Air traffic controllers and aviators flying state-of-the-art military aircraft such as U.S. Army Apache helicopters and U.S. Navy F/A 18 strike fighters depend on high performance displays to track targets and prevent collisions. Planar Flat Candle, a subsidiary of Planar Systems Inc. (Beaverton, OR), and supplier of qualified display modules for military cockpits, uses flat fluorescent backlighting to make these displays readable.

Planar Flat Candle's lamps need to last 40,000 hours in mission critical applications. The company requires components, such as the wire filaments, to be just as reliable. Numerous wire suppliers did not want to supply Planar Flat Candle with test samples or did not meet the company's standards. According to John Blessing, manufacturing manager at Planar Flat Candle, "Testing was essential because we had to find wire that could stand up under high voltage."

To make a cold cathode-type lamp for backlighting, a wire less than the thickness of a pencil lead is inserted into a glass envelope. Current passes through an electrode, through a gas cavity in the envelope, to the other electrode, creating gas plasma that excites a phosphor coating, illuminating the lamp.

"To get the longevity we needed in a lamp, the wire had to repeatedly carry 800 to 1,200 volts in a sealed vacuum of about 16 torr. Most of the wire we tested disintegrated under that kind of voltage in a vacuum," says Blessing. The workfunction of wire, or its durability under current, was also important to the company.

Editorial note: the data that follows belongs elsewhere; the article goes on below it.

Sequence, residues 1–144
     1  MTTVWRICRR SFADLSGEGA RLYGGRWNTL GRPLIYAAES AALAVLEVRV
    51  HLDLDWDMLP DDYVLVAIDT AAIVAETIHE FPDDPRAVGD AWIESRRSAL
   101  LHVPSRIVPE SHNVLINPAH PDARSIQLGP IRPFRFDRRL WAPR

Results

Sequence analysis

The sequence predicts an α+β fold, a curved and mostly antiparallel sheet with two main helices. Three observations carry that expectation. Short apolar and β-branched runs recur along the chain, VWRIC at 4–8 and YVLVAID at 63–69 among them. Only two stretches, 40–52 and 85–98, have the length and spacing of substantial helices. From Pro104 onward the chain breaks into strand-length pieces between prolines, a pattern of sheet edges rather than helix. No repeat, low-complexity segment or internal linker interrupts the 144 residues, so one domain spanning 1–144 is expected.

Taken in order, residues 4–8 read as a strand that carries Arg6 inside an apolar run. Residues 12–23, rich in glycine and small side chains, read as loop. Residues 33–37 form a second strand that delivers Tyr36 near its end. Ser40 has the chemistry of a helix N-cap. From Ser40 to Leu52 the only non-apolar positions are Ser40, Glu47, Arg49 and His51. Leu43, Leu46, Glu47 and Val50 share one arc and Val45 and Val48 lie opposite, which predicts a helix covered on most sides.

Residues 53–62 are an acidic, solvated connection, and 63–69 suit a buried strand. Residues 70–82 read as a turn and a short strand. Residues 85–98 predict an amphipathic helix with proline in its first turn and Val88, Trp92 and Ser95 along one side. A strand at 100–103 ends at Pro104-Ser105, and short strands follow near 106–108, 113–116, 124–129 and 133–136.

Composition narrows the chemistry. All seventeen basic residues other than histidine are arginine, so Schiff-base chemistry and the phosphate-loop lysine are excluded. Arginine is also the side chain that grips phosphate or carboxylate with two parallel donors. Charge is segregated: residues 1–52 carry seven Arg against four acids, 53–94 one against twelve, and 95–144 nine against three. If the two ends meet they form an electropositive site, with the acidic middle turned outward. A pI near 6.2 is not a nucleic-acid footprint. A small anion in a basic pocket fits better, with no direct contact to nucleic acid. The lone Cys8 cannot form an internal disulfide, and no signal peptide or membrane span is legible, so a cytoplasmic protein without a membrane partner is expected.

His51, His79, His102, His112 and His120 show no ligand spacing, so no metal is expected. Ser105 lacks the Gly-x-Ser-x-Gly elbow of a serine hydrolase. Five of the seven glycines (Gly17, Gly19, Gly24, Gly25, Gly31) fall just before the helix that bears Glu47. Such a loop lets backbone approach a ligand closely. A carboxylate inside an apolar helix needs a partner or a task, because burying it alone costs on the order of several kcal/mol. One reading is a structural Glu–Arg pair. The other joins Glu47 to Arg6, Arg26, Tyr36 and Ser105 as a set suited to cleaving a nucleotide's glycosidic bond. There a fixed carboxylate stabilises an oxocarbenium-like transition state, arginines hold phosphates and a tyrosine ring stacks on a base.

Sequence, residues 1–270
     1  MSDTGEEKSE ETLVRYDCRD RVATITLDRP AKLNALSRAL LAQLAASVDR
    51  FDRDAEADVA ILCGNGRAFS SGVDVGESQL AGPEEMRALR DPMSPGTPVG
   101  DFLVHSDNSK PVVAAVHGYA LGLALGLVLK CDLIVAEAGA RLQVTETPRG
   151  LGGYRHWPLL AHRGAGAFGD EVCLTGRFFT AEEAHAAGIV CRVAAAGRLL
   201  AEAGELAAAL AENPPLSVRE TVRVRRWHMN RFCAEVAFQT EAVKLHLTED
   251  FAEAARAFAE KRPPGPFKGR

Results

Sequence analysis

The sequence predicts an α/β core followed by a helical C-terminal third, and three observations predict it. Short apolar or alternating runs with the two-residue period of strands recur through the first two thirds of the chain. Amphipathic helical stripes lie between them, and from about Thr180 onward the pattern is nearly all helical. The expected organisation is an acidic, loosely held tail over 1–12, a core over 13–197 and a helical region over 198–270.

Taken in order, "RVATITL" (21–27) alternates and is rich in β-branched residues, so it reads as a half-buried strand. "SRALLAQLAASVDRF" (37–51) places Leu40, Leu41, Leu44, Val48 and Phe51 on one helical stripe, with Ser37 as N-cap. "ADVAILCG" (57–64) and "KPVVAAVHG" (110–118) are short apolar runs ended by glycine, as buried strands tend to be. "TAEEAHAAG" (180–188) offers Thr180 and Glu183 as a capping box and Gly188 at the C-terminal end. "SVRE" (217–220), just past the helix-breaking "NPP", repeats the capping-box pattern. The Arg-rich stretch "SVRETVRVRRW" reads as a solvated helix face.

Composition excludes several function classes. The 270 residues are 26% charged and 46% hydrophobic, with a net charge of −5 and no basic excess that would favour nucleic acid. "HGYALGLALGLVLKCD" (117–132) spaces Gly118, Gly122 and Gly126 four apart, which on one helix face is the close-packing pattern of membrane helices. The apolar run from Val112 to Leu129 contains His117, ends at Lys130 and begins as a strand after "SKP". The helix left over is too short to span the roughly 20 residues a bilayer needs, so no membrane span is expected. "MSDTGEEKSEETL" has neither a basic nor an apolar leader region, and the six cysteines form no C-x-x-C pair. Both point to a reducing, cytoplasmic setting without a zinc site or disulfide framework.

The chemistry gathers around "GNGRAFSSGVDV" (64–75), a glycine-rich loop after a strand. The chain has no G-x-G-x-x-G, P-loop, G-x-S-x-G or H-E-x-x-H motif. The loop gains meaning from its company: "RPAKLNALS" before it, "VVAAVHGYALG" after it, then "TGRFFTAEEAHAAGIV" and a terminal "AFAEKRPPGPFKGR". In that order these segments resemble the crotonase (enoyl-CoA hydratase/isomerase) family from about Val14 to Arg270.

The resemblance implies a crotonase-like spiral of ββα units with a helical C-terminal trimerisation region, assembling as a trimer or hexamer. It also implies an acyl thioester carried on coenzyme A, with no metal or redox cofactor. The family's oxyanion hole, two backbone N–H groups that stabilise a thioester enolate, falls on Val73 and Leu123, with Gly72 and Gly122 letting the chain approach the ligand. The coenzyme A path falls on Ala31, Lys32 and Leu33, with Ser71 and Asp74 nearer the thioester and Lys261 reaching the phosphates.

The wire that was tested sputtered or threw off material when voltage exceeded the wire's workfunction. When the wire fails, so does the lamp, Blessing says. Through industry sources, Planar Flat Candle found California Fine Wire (CFW, Grover Beach, CA), manufacturer of specialty wire products for industrial, military and scientific applications.

CFW supplied Planar Flat Candle with the sample wire it needed. Blessing says that access to a vari-ety of specialty dies, which is where a wire is drawn or stretched out, is particularly important in meeting design tolerances, which prevent component failures, such as sputtering wire filament. With over 25,000 different dies, CFW was able to exceed Planar Flat Candle's specified diameter tolerance to 0.0003 inch with tolerance to 0.00015 inch.

Die quality is also important in producing consistent, reliable wire because any defect can produce unacceptable scratches or blemishes in the finished product. For Planar Flat Candle, the wire had to have a flawless surface in order to operate in temperatures up to 2,100 F. Surface imperfections, such as scratches or protrusions, interrupt the flow of current, causing the wire to slowly disintegrate.

To prevent sputtering, CFW uses an ultrafinish on the surface of the wire, which is applied by using a die polished by powdered diamonds less than 0.5 micron in diameter. The surface is like a polished mirror, so electric current flows evenly, thus preventing sputtering.

Because consistency and tight tolerances are essential when dealing with mission critical components, CFW says that it checks the wire for size, surface quality, resistance, tensile strength and electrical properties up to 50 times before shipping to Planar Flat Candle.

"We have doubled our output in the last two years," says Blessing. "CFW supplied high-quality wire when we needed it, which helped us grow."

California Fine Wire
(805) 489-5144